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Community can mean business

Smart businesses are leveraging nouveau relationships by positioning personalities as friends. Take exercise-as-entertainment, for example.

Cody Rigsby (above) is a shining star for Peleton. He's a YouTube hero, a TikTok celebrity and an inspiration for a legion of online fans. People like having a para-social workout buddy who chats seamlessly (and non-stop) about everything from cadence to Britney Spears. It's a win-win even when these quasi-celebs lay claim to social and moral authority, as long as the energy's good.

Your community doesn't have to have a leader or a spokesperson, but it can help attract members and also curate the group.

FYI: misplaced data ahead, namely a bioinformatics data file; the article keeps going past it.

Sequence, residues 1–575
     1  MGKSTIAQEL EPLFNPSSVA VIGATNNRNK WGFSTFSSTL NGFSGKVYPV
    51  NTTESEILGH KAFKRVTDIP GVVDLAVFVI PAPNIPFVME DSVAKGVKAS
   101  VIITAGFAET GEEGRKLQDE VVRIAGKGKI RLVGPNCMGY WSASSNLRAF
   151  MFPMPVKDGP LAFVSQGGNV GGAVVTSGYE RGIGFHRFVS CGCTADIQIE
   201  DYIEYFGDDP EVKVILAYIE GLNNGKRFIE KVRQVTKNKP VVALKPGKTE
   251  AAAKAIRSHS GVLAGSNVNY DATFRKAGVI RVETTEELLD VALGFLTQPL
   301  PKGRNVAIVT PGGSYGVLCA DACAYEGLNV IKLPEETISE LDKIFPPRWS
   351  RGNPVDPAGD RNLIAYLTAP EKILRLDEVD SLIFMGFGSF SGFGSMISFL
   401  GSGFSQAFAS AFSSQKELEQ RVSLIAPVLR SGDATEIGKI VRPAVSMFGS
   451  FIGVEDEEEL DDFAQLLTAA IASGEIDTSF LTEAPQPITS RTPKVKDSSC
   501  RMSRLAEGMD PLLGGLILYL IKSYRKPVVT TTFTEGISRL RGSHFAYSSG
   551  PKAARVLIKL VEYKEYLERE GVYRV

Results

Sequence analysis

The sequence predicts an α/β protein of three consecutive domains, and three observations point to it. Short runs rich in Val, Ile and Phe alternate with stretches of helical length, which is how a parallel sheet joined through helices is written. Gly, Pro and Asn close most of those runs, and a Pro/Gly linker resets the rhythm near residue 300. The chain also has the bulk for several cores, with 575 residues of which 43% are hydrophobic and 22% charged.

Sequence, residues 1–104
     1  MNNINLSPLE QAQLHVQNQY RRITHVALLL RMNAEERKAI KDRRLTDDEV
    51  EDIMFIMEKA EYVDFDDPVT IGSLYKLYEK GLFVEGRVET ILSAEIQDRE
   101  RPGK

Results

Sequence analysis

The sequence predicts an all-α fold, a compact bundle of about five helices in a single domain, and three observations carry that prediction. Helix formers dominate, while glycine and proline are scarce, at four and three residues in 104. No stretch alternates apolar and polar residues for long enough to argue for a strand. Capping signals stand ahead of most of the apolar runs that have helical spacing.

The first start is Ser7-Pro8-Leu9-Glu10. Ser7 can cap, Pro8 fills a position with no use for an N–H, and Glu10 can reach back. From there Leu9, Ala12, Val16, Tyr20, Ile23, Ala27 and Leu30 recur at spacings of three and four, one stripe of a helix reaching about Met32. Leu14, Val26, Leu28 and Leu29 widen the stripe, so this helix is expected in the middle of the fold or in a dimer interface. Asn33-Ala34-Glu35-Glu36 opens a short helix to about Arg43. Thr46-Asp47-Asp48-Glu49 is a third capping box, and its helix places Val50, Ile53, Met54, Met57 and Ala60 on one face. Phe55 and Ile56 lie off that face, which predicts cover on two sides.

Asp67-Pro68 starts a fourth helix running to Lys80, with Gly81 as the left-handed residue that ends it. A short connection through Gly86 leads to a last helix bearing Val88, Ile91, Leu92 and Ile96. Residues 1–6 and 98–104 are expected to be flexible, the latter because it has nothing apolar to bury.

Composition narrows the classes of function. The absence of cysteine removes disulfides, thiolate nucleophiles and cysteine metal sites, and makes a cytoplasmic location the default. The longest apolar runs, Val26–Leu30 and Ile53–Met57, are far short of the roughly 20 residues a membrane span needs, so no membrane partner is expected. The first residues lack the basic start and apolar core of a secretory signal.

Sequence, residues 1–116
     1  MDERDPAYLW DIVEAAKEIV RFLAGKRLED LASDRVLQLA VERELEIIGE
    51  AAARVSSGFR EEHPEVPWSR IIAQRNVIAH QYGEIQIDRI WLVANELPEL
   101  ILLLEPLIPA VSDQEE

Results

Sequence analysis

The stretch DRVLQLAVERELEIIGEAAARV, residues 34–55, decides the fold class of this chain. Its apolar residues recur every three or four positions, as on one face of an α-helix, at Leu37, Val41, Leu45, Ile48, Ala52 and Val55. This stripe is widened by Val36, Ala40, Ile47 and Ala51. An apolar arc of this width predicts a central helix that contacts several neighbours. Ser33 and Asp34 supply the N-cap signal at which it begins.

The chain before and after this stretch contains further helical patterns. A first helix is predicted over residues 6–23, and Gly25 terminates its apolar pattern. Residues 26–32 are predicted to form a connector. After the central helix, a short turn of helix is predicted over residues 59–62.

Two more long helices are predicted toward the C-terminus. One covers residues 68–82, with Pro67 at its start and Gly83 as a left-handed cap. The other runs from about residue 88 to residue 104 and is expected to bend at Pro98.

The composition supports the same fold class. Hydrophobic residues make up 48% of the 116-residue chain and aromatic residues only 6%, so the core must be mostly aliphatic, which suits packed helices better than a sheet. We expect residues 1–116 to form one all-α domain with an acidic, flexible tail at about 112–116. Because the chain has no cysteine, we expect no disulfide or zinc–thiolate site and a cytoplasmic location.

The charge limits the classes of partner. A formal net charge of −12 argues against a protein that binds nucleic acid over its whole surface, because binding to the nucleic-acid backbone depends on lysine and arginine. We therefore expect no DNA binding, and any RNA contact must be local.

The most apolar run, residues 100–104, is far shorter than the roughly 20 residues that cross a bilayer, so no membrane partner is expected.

Get inspired by the thousands of popular communities out there.

Nextdoor is a popular app for neighbors to stay connected. CafeMom caters to mothers. Reddit has communities with, um, all kinds of interesting people. There are lots of ways to create community for your brand, including: - Private Facebook Messenger groups - Meetup groups and clubs

- Group emails

- Google Hangouts

- Facebook groups and pages

- YouTube channels (subscribe to mine here) I've created community in two Facebook groups: Present Like a Pro and Get the Word Out Now! (a marketing group for Rotarians). Check 'em out!

Make your move

Yes, community can mean business. And it's just the right thing to do.

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